OAKLAND (CBS SF) -- With its lofts and turn of the century Victorians, West Oakland has become home to many Bay Area artists and musicians. But as gentrification transforms the neighborhood, those residents are getting pushed out.
"It's kind of a quintessentially West Oakland kind of space," said resident Tim Teichgraeber. He says just last year, the huge warehouse across the street used to be a vibrant place, filled with artists and musicians.
Now it sits empty. "What the city wound up doing was coming in, red tagging it, and evicting 100-plus people," said Teichgraeber.
One of them was Gregg Hart, a theater soundman who rented a spacious live-work space in the building. "We were never given clear information, just a notice on the door," he said.
The notice was posted in early 2015, about a new management company - called 1919 Bayside - run by Danny Haber. Hart says tenants soon found out about Haber's reputation: In San Francisco he's taken over dilapidated buildings and turned them into co-ops for young professionals. "He was what the neighbor referred to as a rental hit man," said Hart.
Hart fears the same thing will happen at 1919 Market Street. The property is less than a mile from Uber's planned new downtown Oakland office building, a selling point for new tech workers. But it needs a lot of work.
A tenant's YouTube video shows a leaking roof, unsafe wiring and unsanitary conditions. Tenants have now filed a lawsuit, claiming Haber's management company, the prior management company and the owner intentionally refused to make repairs as a way to get the tenants out.
"They certainly would have been faced with a choice: either spend a significant amount of resources in bringing the building up to code or do nothing and rely on the red-tagging process to get everyone out at once," said Hart's attorney Andrew Serros.
Just months after Haber's company took over here, the city gave notice that the building was unsafe to occupy and would be red-tagged, effectively displacing the tenants. "There were areas that were unsafe," said Rachel Flynn, Oakland's Planning and Building Department director. She says red-tagging the building wasn't designed to help the developer get people out.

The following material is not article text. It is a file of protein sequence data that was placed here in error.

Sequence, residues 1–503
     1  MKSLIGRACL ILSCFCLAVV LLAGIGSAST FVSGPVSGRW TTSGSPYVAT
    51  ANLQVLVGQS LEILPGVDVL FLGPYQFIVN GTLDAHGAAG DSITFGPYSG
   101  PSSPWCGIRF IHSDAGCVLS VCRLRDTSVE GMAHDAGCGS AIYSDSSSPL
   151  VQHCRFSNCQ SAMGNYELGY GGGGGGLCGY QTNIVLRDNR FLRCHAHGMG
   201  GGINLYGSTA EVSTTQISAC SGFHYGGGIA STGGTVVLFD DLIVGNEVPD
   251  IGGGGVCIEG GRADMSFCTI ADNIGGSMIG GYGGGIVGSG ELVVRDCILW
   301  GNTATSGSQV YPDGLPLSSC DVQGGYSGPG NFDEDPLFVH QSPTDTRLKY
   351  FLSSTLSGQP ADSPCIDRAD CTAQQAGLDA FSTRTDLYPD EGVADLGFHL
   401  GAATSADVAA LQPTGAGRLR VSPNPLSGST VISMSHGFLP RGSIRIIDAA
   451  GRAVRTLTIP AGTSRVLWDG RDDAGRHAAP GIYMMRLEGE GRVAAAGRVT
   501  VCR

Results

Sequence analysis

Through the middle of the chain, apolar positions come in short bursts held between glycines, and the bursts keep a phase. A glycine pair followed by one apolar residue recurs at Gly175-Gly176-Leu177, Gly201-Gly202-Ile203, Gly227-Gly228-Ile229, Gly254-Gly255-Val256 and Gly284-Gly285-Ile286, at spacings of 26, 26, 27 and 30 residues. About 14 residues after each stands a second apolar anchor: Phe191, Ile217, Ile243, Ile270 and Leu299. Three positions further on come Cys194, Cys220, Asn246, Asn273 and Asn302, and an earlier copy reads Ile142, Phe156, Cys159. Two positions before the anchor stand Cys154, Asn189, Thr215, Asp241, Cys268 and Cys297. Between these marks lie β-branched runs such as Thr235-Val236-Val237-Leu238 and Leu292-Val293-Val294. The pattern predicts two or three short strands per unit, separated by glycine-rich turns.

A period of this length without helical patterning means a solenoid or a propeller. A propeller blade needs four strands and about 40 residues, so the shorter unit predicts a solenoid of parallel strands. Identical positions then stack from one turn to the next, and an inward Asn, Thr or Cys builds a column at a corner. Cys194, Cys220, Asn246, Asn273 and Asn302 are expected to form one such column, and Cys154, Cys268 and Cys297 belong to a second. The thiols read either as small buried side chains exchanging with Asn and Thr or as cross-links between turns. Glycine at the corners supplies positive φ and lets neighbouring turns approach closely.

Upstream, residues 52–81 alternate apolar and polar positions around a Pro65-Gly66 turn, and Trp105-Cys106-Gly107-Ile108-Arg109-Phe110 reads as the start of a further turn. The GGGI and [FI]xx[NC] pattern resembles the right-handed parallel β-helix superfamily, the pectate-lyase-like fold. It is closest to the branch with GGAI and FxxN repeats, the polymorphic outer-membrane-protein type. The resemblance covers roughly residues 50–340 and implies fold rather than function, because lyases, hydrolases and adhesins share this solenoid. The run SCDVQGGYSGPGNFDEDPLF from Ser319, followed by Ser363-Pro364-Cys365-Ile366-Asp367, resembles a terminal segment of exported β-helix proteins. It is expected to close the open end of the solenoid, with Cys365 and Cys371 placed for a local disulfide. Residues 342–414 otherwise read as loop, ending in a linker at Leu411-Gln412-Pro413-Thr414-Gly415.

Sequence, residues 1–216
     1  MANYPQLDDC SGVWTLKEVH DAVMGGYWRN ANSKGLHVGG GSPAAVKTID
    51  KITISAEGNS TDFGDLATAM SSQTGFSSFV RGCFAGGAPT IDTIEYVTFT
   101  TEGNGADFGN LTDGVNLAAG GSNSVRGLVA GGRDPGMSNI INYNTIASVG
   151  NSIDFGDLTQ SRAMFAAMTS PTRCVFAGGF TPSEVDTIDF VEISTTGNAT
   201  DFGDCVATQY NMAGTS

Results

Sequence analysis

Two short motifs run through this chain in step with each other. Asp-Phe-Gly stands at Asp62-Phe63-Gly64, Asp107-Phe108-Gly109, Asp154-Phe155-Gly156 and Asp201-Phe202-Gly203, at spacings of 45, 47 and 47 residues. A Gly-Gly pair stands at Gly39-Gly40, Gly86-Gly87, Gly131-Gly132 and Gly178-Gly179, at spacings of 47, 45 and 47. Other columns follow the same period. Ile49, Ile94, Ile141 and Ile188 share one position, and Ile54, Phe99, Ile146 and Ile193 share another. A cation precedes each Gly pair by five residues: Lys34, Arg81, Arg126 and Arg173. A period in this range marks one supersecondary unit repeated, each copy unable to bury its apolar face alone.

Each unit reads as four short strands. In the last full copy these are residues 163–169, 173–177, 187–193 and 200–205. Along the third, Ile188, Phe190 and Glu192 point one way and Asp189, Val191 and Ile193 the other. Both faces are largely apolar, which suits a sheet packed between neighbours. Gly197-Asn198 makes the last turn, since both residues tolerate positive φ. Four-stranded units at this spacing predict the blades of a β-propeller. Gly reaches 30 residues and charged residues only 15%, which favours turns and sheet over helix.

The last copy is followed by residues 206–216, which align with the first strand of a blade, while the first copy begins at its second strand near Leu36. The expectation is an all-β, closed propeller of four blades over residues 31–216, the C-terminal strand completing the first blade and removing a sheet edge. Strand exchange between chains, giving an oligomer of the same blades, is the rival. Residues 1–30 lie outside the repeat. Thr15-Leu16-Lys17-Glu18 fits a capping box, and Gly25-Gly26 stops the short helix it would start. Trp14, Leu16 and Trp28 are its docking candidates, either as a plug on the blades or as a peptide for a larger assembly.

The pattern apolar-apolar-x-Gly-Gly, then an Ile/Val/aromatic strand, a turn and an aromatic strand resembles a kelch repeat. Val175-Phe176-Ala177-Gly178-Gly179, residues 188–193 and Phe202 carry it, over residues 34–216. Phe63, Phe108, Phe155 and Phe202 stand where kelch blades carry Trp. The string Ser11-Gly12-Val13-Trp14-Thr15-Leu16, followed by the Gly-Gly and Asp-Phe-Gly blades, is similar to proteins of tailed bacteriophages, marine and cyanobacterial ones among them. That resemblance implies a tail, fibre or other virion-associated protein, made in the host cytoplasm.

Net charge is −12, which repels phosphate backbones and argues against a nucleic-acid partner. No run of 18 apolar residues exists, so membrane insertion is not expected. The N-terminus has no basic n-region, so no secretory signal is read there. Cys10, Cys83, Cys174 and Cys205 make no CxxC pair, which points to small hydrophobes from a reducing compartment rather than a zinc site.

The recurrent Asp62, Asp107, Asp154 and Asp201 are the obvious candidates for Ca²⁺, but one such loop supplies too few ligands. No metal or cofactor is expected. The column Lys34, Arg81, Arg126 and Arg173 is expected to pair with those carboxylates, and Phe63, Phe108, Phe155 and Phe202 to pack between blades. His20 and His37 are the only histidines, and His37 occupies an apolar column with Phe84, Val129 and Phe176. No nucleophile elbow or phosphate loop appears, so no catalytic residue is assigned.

"I think our inspectors work incredibly hard to protect tenants, and in this case it was a tenant who complained," said Flynn. "Once we know about it, then it becomes part of our responsibility."
Meanwhile, tenants started receiving proposed "agreements" offering money to temporarily move out, with a promise that anyone who signed could come back once the remodel was completed. But Hart noticed something: "The last line was you can't sue anybody if you sign this."
He later learned there was no need to sign anything. An Oakland ordinance requires landlords doing major renovations to provide relocation money to tenants - and a right to return. "I was being led by the nose to sign the agreement that would hold him harmless. Then I realized, I know what it feels like to be a patsy," said Hart.
Haber's attorney Ed Singer wrote up the agreement. "I always encourage my clients to try and get a release whenever they do any transaction. The fact that we are being sued says I probably gave my client good advice," said Singer.
Singer said the agreement offered tenants something extra: a one-year lease at the same rent they were paying before. As for letting conditions get worse to speed up the red-tagging process: "It was never the plan that the building would be red tagged and vacated. At the end of the day this is going to create housing where none legally existed before," said Singer.
Demolition is already underway at 1919 Market Street. "I don't think anyone has done anything for the people who were evicted from that property, and I think it's a lousy outcome," said Teichgraeber.
Sixty-three units at 1919 Market Street will be rented out at market rate once the building is finished. That's almost twice as many units as there were before. The average apartment rent in Oakland is currently just under $3,000.
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